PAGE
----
There was a legendary character in the world of South African retail by the name of Ernst Loebenberg. He would scour the stores of Woolworths for men’s size sixteen and a half white collared shirts, and his neatly pressed white glove would leak the secrets of any residual dust on the shelves. Dirt was just another piece of valuable information to this fastidious shopkeeper, and as each speck was unshelved by the white fibres of his glove, he would never miss the opportunity to gather insights from his stakeholders. No one was left without a greeting and questions continually flowed, merging together around one single purpose. 

The customer.

Born in 1920, living through the Great Depression and then fleeing Germany and the Nazi regime, he arrived in South Africa as a young Jewish teenager. Maybe he developed this ability to pay such close attention to detail because of his background, but perhaps he already had it, and it allowed him to survive in his VUCA world of Volatility, Uncertainty, Complexity and Ambiguity. Sometimes we think these acronyms are recent constructs of our modern world when perhaps they have been around long before David took detailed aim at his Goliathon challenge. 

A journey such as this picks up some stories along the way, and Ernst, or Mr. Loebenberg, as even his superiors would often call him, had a book full of these. On one occasion, he dropped off a pie and a drink with his driver Fred, and asked him to wait while he popped back into the Woolworths store from which he had brought it. Being more than a little peckish at the time, Fred tucked into the pie with great relish and was glowing in the spontaneous generosity of his Uber Boss when Mr. Loebenberg bustled back, hunched into the wind of an Adderley Street Cape Doctor and issued Fred with an instruction.

He was to please take this pie to the laboratory to get it checked. A customer had complained that it was off. With the pastry still fresh on his lips, Fred told the truth with chicken scented breath as he knew that this man would follow up on the results of the food test.

There is not much more to this story, as not much more was said between the Director and the Driver as both travelled in trepidation as to what might happen next. Some loose assumptions had led to some tight muscles, but thankfully Fred’s job remained as secure as his bowel. Mr. Loebenberg loved the Truth, and he would search for it in people as much as he found it in counting exactly thirteen stitches to the inch in his garments.

Long after his retirement and many years after his death in 2002, The Seeing Eye is a phrase repeated often in the board rooms and training centers of Woolworths.

It was Helen Keller who commented: “The only thing worse than being blind is having sight but no vision.”

This author, lecturer and political activist was the first blind and deaf person to earn a Bachelor of Arts degree, and she makes a strong point about sight and vision.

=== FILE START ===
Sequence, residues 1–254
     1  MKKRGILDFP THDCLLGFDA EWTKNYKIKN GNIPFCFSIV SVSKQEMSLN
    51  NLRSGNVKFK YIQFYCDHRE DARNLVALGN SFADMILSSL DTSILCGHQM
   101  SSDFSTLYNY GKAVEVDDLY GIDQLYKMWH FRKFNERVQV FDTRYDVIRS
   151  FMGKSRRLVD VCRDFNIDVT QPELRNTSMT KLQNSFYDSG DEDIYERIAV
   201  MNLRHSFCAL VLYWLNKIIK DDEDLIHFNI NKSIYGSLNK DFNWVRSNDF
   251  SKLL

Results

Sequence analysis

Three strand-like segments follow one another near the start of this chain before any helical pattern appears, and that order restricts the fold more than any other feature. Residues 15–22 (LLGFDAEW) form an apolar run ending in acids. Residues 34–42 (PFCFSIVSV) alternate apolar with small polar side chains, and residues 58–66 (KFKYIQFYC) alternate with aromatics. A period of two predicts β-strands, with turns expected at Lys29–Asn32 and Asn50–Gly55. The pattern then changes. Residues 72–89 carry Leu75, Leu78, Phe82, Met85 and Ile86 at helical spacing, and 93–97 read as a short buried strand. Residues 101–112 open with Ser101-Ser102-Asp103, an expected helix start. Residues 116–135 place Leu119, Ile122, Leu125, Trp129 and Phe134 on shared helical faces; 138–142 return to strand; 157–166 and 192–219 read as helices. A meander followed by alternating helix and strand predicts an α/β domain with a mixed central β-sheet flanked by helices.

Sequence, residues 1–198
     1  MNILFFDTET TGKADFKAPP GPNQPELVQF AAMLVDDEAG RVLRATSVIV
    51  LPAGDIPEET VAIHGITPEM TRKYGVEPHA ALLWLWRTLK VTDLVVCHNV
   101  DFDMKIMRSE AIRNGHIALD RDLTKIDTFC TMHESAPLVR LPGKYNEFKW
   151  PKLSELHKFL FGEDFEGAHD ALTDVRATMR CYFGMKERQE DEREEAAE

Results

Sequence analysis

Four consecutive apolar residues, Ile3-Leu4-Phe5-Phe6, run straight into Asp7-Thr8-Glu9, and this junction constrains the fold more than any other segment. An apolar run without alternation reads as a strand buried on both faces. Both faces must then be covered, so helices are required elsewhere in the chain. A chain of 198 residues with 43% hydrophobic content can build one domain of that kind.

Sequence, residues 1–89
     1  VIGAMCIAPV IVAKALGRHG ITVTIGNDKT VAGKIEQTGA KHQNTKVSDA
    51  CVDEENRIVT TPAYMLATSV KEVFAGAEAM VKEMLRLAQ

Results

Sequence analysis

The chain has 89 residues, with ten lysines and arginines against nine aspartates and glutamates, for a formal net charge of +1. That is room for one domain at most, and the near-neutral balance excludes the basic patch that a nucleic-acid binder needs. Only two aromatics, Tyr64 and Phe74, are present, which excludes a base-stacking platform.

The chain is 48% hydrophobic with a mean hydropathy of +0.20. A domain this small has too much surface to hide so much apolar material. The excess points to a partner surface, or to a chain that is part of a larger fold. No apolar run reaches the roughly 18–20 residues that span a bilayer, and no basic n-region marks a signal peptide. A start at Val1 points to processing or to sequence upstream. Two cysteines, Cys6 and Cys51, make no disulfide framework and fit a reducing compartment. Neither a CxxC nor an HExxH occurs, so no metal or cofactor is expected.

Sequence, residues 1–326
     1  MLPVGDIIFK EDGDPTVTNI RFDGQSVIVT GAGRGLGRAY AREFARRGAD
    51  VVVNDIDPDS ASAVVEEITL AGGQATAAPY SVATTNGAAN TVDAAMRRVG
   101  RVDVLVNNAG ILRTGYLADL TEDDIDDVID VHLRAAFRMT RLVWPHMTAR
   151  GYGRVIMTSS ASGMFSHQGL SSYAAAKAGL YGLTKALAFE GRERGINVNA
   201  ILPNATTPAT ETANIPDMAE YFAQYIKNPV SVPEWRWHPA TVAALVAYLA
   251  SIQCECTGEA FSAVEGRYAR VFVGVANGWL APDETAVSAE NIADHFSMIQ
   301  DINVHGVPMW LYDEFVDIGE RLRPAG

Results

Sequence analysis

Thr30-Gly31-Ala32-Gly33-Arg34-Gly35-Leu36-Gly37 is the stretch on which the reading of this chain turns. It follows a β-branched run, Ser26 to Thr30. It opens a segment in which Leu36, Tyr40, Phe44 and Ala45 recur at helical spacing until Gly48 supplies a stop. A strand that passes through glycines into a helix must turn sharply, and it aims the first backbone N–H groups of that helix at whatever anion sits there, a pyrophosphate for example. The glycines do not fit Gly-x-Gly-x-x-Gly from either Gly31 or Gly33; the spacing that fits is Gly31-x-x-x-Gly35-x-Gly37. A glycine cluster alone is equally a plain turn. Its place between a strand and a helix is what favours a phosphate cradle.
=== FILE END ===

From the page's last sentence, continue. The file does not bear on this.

Sight is seeing what is. Vision is questioning what could be. 

Sight is the tree in front of you. Vision is the low cut with an open blade 4 iron around the tree to the green. Reality vs possibility, and possibility needs a seeing eye. 

Maybe this seeing eye exists in every field of awareness?

Good accountants will see a decimal point in a minefield of numbers, and a great tracker will see the mark of a lightly dragged quill of a porcupine. A caring teacher picks up on a slightly off colour scholar, and a wide awake fielder twists impossibly in midair and throws down the stumps at the wrong end to alter the course of a five day test in the blink of his seeing eye.

My sight stops at a brick wall, whereas a great designer envisions the spaces and potential beyond the walls. I see plaster, she sees possibility. 

In all walks of life we park our cars out of routine in the places where we have always parked them, and it sometimes takes a new delegate with fresh eyes to gently comment that perhaps it spoils the view.

When the seeing eye is opened, cars are moved quickly.

It happened to be in a car park in the city of Johannesburg where I received my latest lesson in this remarkable ability we all have, and it left me wondering how often I engage this ability. How many times do I suffer the scotoma of a missed opportunity, or a silent cry for attention from my children? 

Too often for sure, but back to the Dunkeld parking lot for now. 

My wife and I needed to swap cars and we met in the bustling center of the Dunkeld shops just off Jan Smuts avenue. She had arrived earlier for a hair treatment, and I met her an hour later, whilst still covered in tin foil and resembling a modern day Christmas tree decoration. We exchanged keys, I left her to her magazines and Whatsapp groups and I walked towards her car. No sooner had I opened the doors with the remote, did a very polite question stop me in my tracks.

“Is this your car Sir”?

In an hour on a Saturday morning in Dunkeld, there is a massive turnover of cars. It is bustling, and in amongst it all stands a car guard who has noticed that the person who parked this car is not the same as the one taking it away.

Christian Kabwe has made it all the way from the DRC to the Dunkeld parking lot, and he has quite a story to tell. He has more computer literacy than many of our current government ministers are literate full stop. He is a mechanical designer and draughtsman who has also lectured in mathematics, thermal engines and hydro-pneumatic transmission whatever that is, and he loves classical music.

Christian also has only one eye.

But he sees more with that eye than most of us do with two.


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